Collaborating with government for WatSan: a success story

July 17, 2007
by Mario L. Limocon, Vice-Chair, FOCAS 4 (WatSan) Management Committee

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Having been chosen as one of the members to the Project Monitoring and Evaluation Team (PMET) for water and sanitation (WatSan) projects, I could not avoid rubbing shoulder to shoulder with government counterparts, mostly technical people with backgrounds in water system development. I thought at first that it would be difficult to work with them.

I had a negative regard for government performance in the implementation of projects that will truly benefit the poor. Common to our sights are “white elephant” (non-functional) water handpumps scattered along public roads by the DPWH, DILG, or provincial government and which, I was convinced, were implemented just for the sake of reporting.

Now, after one year of working with them, my views and regards towards government people have changed. I realized that there are good men and women in government who are willing and comfortable working with people in remote barangays even beyond office hours. I observed this attitude very well during our project appraisals and PME visits to project sites of the People’s Fair Trade Assistance Center (PFTAC) in the towns of Batuan, Dagohoy, and Anda.
We also worked together in the project sites of the University of Bohol Community Development Foundation, Inc. (UBCDFI) in Bilar and Sevilla and of the Feed the Children – Philippines (FTCP) in island-barangays of the towns of Loon and Inabanga, where I witnessed more of their drive to be of service to the people.

I would say that they are very generous with their technical advice and ideas on how those constructions could be better improved. I appreciate their endurance and energy in trekking through muddy and grassy carabao trails, usually along contours winding to the hilltop where the collection tank is constructed.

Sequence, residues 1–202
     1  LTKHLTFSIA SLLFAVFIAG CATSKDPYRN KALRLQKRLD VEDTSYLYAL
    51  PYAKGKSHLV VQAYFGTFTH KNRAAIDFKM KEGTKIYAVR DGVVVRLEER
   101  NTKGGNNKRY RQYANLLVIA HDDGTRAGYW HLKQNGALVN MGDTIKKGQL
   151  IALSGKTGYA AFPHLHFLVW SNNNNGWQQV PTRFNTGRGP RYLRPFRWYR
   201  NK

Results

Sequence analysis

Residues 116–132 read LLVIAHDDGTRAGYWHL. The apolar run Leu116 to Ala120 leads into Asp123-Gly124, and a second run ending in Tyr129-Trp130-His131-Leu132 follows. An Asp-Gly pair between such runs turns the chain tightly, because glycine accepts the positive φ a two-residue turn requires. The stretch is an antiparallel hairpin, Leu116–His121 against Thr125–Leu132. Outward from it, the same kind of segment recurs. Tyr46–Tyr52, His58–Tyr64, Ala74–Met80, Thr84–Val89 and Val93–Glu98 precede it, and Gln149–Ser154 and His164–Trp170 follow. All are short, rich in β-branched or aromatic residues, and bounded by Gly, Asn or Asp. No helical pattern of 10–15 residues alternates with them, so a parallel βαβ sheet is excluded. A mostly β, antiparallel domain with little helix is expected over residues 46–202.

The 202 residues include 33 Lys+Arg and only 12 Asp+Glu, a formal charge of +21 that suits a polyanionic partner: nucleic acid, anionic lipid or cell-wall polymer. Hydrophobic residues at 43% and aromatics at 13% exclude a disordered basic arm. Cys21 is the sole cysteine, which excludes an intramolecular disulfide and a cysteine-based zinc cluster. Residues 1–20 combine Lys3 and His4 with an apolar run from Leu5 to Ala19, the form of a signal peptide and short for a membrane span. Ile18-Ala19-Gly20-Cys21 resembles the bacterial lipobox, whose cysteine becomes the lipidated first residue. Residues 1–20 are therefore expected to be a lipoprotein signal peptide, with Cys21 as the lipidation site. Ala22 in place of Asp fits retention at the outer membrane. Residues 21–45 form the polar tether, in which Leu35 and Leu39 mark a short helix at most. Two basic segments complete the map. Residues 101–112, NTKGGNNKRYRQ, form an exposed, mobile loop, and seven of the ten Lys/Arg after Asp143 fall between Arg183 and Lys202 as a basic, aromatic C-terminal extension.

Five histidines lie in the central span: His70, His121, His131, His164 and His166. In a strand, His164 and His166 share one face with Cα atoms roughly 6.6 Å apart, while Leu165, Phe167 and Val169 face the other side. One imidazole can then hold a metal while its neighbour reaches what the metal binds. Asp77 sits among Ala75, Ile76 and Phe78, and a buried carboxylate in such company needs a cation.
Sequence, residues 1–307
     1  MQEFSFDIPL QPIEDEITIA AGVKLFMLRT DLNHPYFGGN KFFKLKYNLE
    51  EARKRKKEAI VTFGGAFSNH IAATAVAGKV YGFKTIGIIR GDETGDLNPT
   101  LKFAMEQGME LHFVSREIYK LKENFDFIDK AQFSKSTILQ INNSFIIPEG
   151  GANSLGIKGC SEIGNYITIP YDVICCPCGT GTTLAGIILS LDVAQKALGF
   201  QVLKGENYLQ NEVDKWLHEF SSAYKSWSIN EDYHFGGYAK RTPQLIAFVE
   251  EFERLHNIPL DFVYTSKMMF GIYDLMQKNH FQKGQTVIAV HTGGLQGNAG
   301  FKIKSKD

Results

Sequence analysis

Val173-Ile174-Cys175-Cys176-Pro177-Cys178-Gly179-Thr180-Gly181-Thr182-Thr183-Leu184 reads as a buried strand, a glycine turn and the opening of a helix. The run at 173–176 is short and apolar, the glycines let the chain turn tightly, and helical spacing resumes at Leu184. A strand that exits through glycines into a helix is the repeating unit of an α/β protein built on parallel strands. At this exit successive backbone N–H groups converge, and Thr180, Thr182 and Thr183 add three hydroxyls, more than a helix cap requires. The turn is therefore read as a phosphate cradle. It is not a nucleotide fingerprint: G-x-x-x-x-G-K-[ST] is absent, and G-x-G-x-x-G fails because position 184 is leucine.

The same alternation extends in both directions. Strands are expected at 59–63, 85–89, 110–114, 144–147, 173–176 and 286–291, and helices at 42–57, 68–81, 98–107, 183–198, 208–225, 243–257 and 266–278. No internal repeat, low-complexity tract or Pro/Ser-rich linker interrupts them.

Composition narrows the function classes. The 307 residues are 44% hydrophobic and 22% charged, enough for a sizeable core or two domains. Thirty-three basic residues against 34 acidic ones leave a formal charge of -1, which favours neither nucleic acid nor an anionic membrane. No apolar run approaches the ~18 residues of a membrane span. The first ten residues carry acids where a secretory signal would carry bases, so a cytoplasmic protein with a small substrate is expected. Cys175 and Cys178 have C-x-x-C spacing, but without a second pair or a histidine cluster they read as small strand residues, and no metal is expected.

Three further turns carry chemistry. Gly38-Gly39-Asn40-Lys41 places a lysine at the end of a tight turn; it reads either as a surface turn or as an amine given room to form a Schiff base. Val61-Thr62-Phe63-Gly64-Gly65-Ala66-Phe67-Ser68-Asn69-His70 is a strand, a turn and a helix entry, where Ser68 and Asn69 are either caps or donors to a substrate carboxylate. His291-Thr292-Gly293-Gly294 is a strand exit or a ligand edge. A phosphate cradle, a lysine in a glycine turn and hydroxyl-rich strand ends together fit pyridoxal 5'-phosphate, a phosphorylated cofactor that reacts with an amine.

I could remember very well Mr. Felix Mahinay (now retired) of the Provincial Planning & Development Office (PPDO) who had a fever but was able to hike for six kilometers back and forth from where our service vehicle was parked just to reach the barangay center of Villa Aurora in Dagohoy town. That excludes our walk to the water source. Although he made it, he was not able to join us the next day.

I salute Engr. Eleuterio Rabuya Jr. of the General Services Office (GSO), representing the Bohol Integrated Water Resource Management Team (BIWRMT); the DPWH technical staff, namely, Engr. Edgar Bonite, Engr. Gorgonia Bernido, and Engr. Emmie Bernaldez; Engr. Jessica Morigo of the Central Visayas State College of Agriculture, Forestry & Technology (CVSCAFT); and other LGU and NGO partners in FOCAS 4.

I could see their commitment and dedication to helping people realize their dreams. Oftentimes, our departure took place early morning at our assembly area in Plaza Rizal in front of the Provincial Capitol in Tagbilaran City and, at dusk, we would take the long trip back home. Yet, I did not hear any complaints from them, even if their skins got hurt by weeds along the way, their shirts wet or their trousers dirty with mud and, in that condition, to have to come home late at night.

The more we work together, the more we come to know each other and the closer we are in our struggle for a common purpose that is to provide access to poor communities with water and sanitation facilities. I have realized that we are one towards improving the plight of our fellow Boholanos, particularly in the 17 priority municipalities of Bohol.

Thanks to the Focused Community Assistance Scheme (FOCAS) of the Philippines-Australia Community Assistance Program (PACAP) of the Australian Agency for International Development (AusAID) for making this collaboration happen. If not for the funding support and the approach it requires, we would have difficult time to establish harmonious working relationship with stakeholders, especially from the government side.